Divorce involves more than the separating of a relationship. It involves unbundling everything connected with that relationship. That includes finances. This can be very complicated, especially if a marriage has been long. There are, however, some standard considerations most people should keep in mind when filing for a divorce.

Basic welfare

The most immediate thought here may be the welfare of children. This is, of course, of paramount importance. Equally, however, the splitting couple themselves need to be able to maintain an adequate standard of living. This means that even when the marriage was short and there were no children, it is possible that one party will be required to pay alimony and/or maintenance to the other.


Splitting cash often needs to be done in at least two steps. Firstly, each half of the splitting couple needs to make sure that they have enough cash for their immediate needs. Given that they will be going their separate ways, it usually makes sense for both individuals to have their own current accounts.

If this means that one or both of them has/have to open a new account, it's advisable to start this process as soon as possible. Persistent COVID19 restrictions mean that it could take longer than under normal working conditions.

Once each half of the couple has their own bank account in place, you will then need to work out how to manage your finances in the short term. Then you'll need to work out an appropriate division of cash before you finalize your split. What this will mean in practice will depend on the couple. The key point is that both parties need to be able to pay their bills while negotiations are ongoing.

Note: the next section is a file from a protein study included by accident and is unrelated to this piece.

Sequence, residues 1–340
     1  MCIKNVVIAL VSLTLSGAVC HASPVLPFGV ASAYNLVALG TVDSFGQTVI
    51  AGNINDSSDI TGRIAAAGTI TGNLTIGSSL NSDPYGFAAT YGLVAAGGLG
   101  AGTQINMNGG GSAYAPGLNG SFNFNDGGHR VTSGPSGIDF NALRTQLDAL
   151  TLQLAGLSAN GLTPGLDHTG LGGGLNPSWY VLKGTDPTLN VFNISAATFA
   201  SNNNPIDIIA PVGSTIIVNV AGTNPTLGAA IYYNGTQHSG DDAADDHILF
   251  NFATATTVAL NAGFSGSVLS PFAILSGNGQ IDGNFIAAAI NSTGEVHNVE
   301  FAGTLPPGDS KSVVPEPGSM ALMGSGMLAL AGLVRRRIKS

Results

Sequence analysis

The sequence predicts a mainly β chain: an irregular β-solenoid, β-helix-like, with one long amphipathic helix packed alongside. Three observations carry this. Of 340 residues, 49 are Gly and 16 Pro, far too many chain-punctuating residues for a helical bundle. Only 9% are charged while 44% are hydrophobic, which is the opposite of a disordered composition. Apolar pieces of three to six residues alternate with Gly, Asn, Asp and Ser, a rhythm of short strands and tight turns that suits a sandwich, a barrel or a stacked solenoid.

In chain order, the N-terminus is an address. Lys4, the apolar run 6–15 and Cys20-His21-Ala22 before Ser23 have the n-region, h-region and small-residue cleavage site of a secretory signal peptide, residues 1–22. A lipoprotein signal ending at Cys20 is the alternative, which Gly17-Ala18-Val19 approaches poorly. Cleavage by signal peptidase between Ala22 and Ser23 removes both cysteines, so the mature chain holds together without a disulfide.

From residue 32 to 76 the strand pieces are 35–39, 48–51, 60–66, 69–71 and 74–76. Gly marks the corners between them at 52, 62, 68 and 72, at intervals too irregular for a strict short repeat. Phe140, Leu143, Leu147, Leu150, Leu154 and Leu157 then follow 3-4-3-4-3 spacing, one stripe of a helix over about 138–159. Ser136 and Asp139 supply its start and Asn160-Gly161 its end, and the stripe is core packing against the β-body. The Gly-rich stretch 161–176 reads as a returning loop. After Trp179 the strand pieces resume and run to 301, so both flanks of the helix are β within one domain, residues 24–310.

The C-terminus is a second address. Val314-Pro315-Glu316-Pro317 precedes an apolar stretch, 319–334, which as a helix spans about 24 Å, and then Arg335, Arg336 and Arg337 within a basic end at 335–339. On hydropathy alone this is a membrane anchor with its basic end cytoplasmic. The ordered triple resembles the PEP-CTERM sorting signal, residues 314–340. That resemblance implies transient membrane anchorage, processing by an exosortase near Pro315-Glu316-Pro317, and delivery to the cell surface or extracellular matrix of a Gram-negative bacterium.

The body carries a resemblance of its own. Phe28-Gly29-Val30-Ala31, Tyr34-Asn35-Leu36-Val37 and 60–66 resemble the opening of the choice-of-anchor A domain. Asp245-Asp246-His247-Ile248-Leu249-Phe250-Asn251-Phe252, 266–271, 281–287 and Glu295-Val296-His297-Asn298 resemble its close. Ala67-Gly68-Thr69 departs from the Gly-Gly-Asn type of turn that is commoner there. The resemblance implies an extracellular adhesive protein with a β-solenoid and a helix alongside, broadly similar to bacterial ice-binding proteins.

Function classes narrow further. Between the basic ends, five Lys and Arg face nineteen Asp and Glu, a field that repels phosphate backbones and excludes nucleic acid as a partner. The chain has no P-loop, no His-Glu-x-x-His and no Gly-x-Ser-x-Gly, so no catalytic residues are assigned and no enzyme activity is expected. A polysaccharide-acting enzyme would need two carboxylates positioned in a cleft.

For the sake of both partys credit records, debts need to continue to be paid in full and on time. If it's clear that a particular debt belongs legally and/or ethically to one half of the couple, it may make sense to have them pay it out of their sole bank account. Otherwise, both halves of the splitting couple need to work together to pay debts until a final settlement is reached.

If one party cannot, or will not, cooperate in paying debts that are (or at least may be) joint, it's advisable for the other party to make the full payment if at all possible. This may be frustrating but the contributions can be discussed as part of the final settlement.

Insurance policies

During a divorce, insurance may be one of the last things on your mind but it is important that you reappraise it. Insurance is only worth the money if it provides the cover you need. That may well change in a divorce situation. In particular, if you have protection policies, such as life insurance, these should definitely be reviewed as they will almost certainly need to be updated.

Property and assets

If there are children, then they will be kept in the family home if at all possible. This means that the person who gets primary responsibility for the children will typically be given the right to live in the house. This does not, however, mean that they will get full title to it. If the house is the couples main or only asset, they may only get the right to live in it while the couples children are minor.

It is, however, important to note that, even when there are children, the home can only be kept if it is financially viable for the parents to pay for it while keeping themselves and the children. If it's not, it will be required to be sold.


Splitting pensions is notoriously complicated. There are three main approaches to doing so. These are offsetting, sharing and earmarking. The first two are preferred as they make for a cleaner split. There are, however, often practical barriers to this approach. This means that earmarking often has to be used instead.

Author's Bio: 

Kerry Smith is the head of Family Law at K J Smith Solicitors; who are a specialist firm of family law solicitors in Basingstoke and the Thames Valley area.